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Scalability and Robustness of Artificial Neural Networks

Evangelos Stromatias


Artificial Neural Networks (ANNs) appear increasingly and routinely to gain popularity today, as they are being used in several diverse research fields and many different contexts, which may range from biological simulations and experiments on artificial neuronal models to machine learning models intended for industrial and engineering applications. One example is the recent success of Deep Learning architectures (e.g., Deep Belief Networks [DBN]), which appear in the spotlight of machine learning research, as they are capable of delivering state-of-the-art results in many domains.While the performance of such ANN architectures is greatly affected by their scale, their capacity for scalability both for training and during execution is limited by the increased power consumption and communication overheads, implicitly posing a limiting factor on their real-time performance. The on-going work on the design and construction of spike-based neuromorphic platforms offers an alternative for running large-scale neural networks, such as DBNs, with significantly lower power consumption and lower latencies, but has to overcome the hardware limitations and model specialisations imposed by these type of circuits. SpiNNaker is a novel massively parallel fully programmable and scalable architecture designed to enable real-time spiking neural network (SNN) simulations. These properties render SpiNNaker quite an attractive neuromorphic exploration platform for running large-scale ANNs, however, it is necessary to investigate thoroughly both its power requirements as well as its communication latencies.This research focusses on around two main aspects. First, it aims at characterising the power requirements and communication latencies of the SpiNNaker platform while running large-scale SNN simulations. The results of this investigation lead to the derivation of a power estimation model for the SpiNNaker system, a reduction of the overall power requirements and the characterisation of the intra- and inter-chip spike latencies. Then it focuses on a full characterisation of spiking DBNs, by developing a set of case studies in order to determine the impact of (a) the hardware bit precision; (b) the input noise; (c) weight variation; and (d) combinations of these on the classification performance of spiking DBNs for the problem of handwritten digit recognition. The results demonstrate that spiking DBNs can be realised on limited precision hardware platforms without drastic performance loss, and thus offer an excellent compromise between accuracy and low-power, low-latency execution. These studies intend to provide important guidelines for informing current and future efforts around developing custom large-scale digital and mixed-signal spiking neural network platforms.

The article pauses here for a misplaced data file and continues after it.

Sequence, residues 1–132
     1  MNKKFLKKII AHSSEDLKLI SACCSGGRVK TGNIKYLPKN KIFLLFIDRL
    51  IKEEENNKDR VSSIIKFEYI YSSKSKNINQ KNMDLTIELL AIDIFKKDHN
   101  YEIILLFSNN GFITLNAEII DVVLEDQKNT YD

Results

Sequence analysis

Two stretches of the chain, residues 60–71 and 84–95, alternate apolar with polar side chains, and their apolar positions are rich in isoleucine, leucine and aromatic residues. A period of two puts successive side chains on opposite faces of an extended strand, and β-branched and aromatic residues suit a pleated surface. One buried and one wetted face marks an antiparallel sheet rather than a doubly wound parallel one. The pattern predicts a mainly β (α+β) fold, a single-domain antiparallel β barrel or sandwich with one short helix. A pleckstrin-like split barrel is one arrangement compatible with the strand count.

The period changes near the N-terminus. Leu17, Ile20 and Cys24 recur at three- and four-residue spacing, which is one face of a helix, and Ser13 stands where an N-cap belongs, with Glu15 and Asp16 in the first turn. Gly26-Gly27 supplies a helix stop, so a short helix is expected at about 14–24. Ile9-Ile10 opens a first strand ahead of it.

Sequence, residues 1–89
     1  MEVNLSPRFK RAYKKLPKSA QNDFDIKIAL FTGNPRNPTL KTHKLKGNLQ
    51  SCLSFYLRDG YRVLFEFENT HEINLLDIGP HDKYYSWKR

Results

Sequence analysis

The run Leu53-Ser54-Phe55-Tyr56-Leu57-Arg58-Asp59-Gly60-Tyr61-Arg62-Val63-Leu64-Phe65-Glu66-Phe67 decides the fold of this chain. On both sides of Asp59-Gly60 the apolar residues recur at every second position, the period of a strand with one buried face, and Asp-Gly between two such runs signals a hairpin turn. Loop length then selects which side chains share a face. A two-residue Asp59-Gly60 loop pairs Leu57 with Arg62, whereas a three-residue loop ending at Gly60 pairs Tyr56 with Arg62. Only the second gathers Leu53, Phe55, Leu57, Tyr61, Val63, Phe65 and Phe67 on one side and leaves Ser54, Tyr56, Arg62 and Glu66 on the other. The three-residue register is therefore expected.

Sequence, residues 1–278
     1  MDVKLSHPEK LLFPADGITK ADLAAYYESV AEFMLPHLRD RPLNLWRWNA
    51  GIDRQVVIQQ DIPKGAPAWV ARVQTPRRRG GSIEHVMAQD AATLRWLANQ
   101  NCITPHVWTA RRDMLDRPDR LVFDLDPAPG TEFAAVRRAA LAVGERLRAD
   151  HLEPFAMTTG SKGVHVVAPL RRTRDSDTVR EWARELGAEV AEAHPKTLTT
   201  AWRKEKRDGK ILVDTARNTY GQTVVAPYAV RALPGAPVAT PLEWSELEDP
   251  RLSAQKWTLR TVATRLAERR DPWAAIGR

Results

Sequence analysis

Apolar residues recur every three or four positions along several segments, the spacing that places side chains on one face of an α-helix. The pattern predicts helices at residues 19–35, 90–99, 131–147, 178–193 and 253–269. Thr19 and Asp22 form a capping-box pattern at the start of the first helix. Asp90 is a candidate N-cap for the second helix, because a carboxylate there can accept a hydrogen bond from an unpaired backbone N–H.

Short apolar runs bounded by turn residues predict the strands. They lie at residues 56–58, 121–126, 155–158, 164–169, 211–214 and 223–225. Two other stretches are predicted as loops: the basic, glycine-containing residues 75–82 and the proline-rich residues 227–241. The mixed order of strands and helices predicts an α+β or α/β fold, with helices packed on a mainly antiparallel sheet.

The thesis is available as PDF (27 MB).